Move over Bernie Sanders: Sen. Krysten Sinema has left the Democratic Party for greener, more independent pastures.
“I promised Arizonans something different,” Sen. Krysten Sinema began in an op-ed for USA TODAY, explaining her decision to leave the Democratic Party and register as an Independent.
It’s a decision plenty of voting Democrats might consider a bit shocking. Didn’t Democrats just win the Senate during the recent mid-term election?
Normally, players don’t quit the winning team when the season is going so well. When the home team is on a losing streak — that’s when players generally quit.
Take the House of Representatives for instance.
Democrats were expected to lose the House in 2022 and they did, though not by as large a margin as Republicans hoped and Democrats feared. Over the last two years, in anticipation of the coming 2023 Democratic Party minority in the House, lots of Congressional Democrats have seen fit to retire, run for other offices, refuse to seek reelection, and otherwise absent themselves from facing defeat at the ballot box.
They all gave excellent excuses, but can hardly be blamed; serving in the minority is much more difficult for the political party stuck with that difficult but necessary duty. Checks are balances are essential to our democracy: That doesn’t make it fun for the checks and balances.
Even before the triumph of Democratic incumbent Sen. Raphael Warnock in Georgia’s run-off, the Democratic Party did at least manage to hold on to the Senate Majority, if not by as large a margin as Democrats hoped or Republicans feared.
With the news that Sinema is leaving the Democratic Party, Democrat’s hold on the Senate is even more tenuous. Prior to her jumping ship, Sinema wasn’t exactly the only Democratic Party obstructionist giving Senate leadership a headache.
Sen. Joe Manchin did at least as much obstructing as Sen. Krysten Sinema, if not more. Manchin was, and remains, reluctant to vote for anything likely to drive prices higher for his constituents.
Both he and Sinema have frequently invoked the growing economic concerns of the working class as the reason for their actions.
“There’s a disconnect between what everyday Americans want and deserve from our politics and what political parties are offering,” Sen. Sinema wrote in USA TODAY.
“Everyday Americans are increasingly left behind by national parties’ rigid partisanship, which has hardened in recent years,” Sinema complained. “Pressures in both parties pull leaders to the edges, allowing the loudest, most extreme voices to determine their respective parties’ priorities and expecting the rest of us to fall in line.”
“In catering to the fringes, neither party has demonstrated much tolerance for diversity of thought,” she lamented. “Bipartisan compromise is seen as a rarely acceptable last resort, rather than the best way to achieve lasting progress. Payback against the opposition party has replaced thoughtful legislating.”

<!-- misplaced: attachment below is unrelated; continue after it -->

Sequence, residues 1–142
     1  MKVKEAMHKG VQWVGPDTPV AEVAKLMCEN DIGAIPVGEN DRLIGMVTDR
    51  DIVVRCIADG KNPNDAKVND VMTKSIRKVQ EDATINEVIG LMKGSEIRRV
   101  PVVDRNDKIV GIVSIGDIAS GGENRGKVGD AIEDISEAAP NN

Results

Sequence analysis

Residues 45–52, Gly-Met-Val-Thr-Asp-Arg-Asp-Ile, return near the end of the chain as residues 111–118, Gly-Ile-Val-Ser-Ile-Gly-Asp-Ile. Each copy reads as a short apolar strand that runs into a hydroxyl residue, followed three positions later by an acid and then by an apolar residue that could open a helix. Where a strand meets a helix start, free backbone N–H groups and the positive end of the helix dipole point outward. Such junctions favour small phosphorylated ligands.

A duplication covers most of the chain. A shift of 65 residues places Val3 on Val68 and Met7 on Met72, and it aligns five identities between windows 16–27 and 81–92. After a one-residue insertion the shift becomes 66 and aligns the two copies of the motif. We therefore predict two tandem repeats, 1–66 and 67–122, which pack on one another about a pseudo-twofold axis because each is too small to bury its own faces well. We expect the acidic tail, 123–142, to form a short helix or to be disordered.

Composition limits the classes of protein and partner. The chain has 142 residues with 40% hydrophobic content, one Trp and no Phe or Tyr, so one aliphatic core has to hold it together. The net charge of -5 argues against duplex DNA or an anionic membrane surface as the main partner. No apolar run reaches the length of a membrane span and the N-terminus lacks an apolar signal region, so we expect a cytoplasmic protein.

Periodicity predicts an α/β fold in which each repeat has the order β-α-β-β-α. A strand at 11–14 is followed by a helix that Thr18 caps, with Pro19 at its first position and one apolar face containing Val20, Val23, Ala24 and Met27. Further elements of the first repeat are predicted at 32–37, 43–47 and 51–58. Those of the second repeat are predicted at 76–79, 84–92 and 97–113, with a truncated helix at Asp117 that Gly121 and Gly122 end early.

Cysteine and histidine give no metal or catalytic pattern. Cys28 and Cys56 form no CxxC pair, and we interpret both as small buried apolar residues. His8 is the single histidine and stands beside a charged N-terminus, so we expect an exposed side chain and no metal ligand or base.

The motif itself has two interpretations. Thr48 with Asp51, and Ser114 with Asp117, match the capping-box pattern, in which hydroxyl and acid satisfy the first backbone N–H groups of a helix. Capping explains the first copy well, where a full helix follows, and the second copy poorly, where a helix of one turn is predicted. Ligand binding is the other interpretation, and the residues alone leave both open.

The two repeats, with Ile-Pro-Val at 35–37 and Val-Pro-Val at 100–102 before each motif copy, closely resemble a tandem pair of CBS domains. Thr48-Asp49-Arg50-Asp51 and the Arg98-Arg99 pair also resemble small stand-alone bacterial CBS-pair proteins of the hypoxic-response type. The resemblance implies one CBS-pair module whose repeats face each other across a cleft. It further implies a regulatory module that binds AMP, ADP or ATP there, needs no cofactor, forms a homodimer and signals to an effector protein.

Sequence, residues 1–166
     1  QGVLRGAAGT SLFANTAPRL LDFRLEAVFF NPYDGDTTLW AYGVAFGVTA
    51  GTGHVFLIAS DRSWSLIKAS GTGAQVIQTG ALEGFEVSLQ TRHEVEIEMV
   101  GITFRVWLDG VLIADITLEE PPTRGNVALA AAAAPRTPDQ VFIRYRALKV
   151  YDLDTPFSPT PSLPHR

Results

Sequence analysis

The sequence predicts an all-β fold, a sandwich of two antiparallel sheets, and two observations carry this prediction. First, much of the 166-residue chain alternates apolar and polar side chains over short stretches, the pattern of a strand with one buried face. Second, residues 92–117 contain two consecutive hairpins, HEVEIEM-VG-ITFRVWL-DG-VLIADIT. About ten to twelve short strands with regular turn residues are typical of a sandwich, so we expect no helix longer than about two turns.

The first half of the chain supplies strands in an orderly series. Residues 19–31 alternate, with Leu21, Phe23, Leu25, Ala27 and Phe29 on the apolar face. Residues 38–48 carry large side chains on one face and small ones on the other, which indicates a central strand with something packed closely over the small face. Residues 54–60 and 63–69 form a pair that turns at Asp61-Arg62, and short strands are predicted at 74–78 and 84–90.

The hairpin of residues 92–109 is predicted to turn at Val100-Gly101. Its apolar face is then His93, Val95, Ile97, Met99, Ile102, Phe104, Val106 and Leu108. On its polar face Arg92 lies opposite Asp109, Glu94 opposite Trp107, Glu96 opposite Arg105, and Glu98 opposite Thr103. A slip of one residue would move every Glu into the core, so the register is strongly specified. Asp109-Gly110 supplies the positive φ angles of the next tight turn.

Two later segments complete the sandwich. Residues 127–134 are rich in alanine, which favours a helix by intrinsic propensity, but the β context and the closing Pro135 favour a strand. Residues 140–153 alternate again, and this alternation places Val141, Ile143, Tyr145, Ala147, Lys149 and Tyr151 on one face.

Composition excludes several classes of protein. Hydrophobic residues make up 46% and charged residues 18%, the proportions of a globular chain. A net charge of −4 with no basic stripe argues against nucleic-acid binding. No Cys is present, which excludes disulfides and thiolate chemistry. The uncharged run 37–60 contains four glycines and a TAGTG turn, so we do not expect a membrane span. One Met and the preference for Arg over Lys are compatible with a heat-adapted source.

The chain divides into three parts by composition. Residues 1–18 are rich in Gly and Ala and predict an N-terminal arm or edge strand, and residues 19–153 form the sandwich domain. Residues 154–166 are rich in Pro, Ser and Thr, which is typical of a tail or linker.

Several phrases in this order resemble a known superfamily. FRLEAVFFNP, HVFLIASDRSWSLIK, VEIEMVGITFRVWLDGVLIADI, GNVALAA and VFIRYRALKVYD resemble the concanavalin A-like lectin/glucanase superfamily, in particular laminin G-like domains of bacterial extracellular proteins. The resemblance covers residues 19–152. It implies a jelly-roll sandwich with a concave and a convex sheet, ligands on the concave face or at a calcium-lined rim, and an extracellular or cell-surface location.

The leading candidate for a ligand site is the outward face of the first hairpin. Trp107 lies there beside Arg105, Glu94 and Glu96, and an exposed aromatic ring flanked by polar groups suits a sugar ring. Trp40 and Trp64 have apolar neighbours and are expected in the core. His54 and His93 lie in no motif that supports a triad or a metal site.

“When politicians are more focused on denying the opposition party a victory than they are on improving Americans’ lives, the people who lose are everyday Americans,” Sen. Sinema pointed out.
Sinema’s point should perhaps be considered: Effective campaigning doesn’t equal effective governance.
“Barack Obama’s Politics 101: Ridiculing Republicans Works,” crowed The Nation only this week. “The former president is still the ablest campaigner the Democrats have, as his takedown of Herschel Walker’s vampire-vs.-werewolf rumination proved.”
While mocking Republicans may be a successful campaign strategy, it doesn’t do much for working-class voters already struggling to make ends meet and staring down a major recession on the horizon.
Investment firms and major banks are already sounding the alarm, code red. A deep, painful recession is heading right for us, as the world’s economic mandarins are warning their clients.
BlackRock’s recently released 2023 Global Investment Outlook reads like a choose-your-own-disaster book. It’s filled with gems like, “The regime of greater economic and market volatility is playing out — and not going away,” and, “Central bankers won’t ride to the rescue when growth slows in this new regime, contrary to what investors have come to expect.”
For average, working Americans without a stock portfolio, the coming economic downshift is going to mean much more than better-diversified stock holdings and increased risk aversion.
“Each day, Arizonans wake up, work and live alongside people with different views and experiences, usually without even thinking about partisan politics,” Sinema explained in her USA TODAY op-ed.
“Arizonans expect our leaders to follow that example — set aside political games, work together, make progress and then get out of the way so we can build better lives for ourselves and our families,” she pointed out.
For the working class to weather the coming storm, both parties are going to need to work overtime. It may be up to Independents like Sinema to see that they do.
(contributing writer, Brooke Bell)